When you think of saving money on your heating bill, insulation might be the first thing that comes to mind. What many people don’t know is that air sealing also plays a part in saving energy in your home.
Air leakage is simple: outside air leaks from one place to another throughout your home, either pulling cold air into your home in the winter, or warm air in during the summer months. This constant movement of air is caused by two separated bodies of air with different temperatures, and enough pressure to push the air through the dividing barrier.
The outside air is carried through the home’s external walls, which makes the air inside closer to the temperature of the outside air. Air leakage can occur either from outside to inside (infiltration) or vice versa (exfiltration). The rate of the airflow depends on the size of the hole it travels through and on the pressure difference between each side of the barrier. The bigger the hole and the greater the pressure difference, the faster the rate of airflow. To balance out the difference in pressures, air rushes in and out of the hole.
There are two different kinds of leakage: direct and indirect. When the air drives directly into the home, it is direct air leakage. If air first travels into cavities within the building frame and exits at a different location than it entered, the air leakage is indirect. Indirect air leakage commonly occurs in attics and crawl spaces where there is more room for air to flow.
Although you’d like to believe that a barrier (such as concrete blocks or brick) prevents air from entering your home, air can still leak through the building materials themselves. These segmented materials are less airtight then a continuous material such as properly sealed drywall. The pores within the material and the space between each piece act as a transporter for air trying to break in. While a brick wall may look sturdy, air can still sneak through the cracks.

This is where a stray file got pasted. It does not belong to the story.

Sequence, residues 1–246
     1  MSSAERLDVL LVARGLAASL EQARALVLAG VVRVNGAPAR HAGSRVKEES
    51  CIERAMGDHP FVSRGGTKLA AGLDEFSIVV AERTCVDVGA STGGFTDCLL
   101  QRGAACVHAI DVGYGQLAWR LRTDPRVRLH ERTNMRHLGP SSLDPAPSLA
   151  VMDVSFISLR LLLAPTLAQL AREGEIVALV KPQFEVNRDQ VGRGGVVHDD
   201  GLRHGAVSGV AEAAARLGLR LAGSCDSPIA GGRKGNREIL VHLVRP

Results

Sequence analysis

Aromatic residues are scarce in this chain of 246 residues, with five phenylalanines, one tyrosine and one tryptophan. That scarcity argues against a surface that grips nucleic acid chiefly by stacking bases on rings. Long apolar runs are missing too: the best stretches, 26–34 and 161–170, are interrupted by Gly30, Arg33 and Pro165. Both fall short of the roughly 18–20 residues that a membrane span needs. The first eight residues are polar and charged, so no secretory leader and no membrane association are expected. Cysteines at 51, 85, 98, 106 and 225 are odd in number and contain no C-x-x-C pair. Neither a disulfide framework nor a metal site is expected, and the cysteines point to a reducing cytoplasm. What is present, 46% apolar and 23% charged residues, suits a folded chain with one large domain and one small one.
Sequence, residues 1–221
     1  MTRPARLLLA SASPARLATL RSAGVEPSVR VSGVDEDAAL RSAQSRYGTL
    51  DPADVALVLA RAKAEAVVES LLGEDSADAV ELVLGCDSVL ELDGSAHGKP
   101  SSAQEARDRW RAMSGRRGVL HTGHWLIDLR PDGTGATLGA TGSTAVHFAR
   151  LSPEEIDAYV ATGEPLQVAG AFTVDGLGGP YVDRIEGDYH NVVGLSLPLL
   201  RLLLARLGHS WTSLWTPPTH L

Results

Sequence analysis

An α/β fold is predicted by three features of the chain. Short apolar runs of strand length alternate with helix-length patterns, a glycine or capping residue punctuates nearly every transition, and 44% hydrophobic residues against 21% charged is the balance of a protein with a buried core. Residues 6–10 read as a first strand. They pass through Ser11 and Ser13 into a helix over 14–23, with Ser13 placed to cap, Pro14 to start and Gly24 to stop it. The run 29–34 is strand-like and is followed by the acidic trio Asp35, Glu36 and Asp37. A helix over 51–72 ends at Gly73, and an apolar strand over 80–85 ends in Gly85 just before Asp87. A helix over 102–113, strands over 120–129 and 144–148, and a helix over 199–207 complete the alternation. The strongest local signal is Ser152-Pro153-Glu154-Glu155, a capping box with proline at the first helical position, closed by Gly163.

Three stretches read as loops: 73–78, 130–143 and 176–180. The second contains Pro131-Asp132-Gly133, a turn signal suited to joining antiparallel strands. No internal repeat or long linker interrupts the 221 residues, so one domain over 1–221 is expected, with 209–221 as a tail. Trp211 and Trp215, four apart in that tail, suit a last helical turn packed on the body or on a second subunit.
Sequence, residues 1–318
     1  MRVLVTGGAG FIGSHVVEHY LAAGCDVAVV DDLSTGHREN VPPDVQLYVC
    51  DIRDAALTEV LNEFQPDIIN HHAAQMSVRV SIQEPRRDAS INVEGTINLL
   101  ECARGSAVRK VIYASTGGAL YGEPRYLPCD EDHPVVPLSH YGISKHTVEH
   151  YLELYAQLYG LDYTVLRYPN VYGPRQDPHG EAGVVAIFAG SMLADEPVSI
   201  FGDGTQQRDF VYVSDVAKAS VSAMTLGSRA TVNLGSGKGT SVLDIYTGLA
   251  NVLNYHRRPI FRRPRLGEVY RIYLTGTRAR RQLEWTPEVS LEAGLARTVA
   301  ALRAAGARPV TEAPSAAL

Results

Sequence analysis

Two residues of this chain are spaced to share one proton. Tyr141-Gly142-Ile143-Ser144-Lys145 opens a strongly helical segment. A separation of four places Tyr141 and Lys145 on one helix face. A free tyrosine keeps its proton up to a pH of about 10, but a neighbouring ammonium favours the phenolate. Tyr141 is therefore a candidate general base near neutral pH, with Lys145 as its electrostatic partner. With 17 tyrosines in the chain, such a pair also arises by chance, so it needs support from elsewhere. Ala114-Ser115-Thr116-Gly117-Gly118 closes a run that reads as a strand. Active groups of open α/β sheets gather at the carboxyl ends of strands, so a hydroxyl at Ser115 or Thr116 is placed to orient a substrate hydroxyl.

Various pressures force air through barriers. These can include exhaust fans, wind, furnace blowers, chimneys, and the stack effect. In the stack effect, the density difference between warm and cool air pulls cool air into the home. The less-dense warm air rises to the top of the structure and exits through holes in the roof and attic. The warm air’s movement exerts an upward pressure that sucks cooler, denser air in from the lower levels. The result: heat loss in your home. Air sealing targets the source of these pressures to stop their actions.
The good news is, we can test for air leakage and fix it through air sealing. Since leakage is usually greatest at the seams of a building, doors and windows are the biggest focus. There are also many holes (a result of damaging exterior weather, remodeling, and other modifications) in walls and ceilings that need to be patched. We can now seal off air leakage with certainty after finding where the flow starts, eliminate the guesswork from air sealing. We pinpoint the largest and smallest locations of air leakage in every home by utilizing pressure differences found by a device known as a blower door.
Air sealing conserves energy in our homes by stopping both direct and indirect leakage. Along with sealing, insulation is necessary for regulation heat in a home. Paired together, air sealing and insulation save energy in your home by controlling both airflow and heat.
Air sealing is an easy way to save money and energy in your home, without making huge alterations. Contact Dolphin today for a free home energy assessment.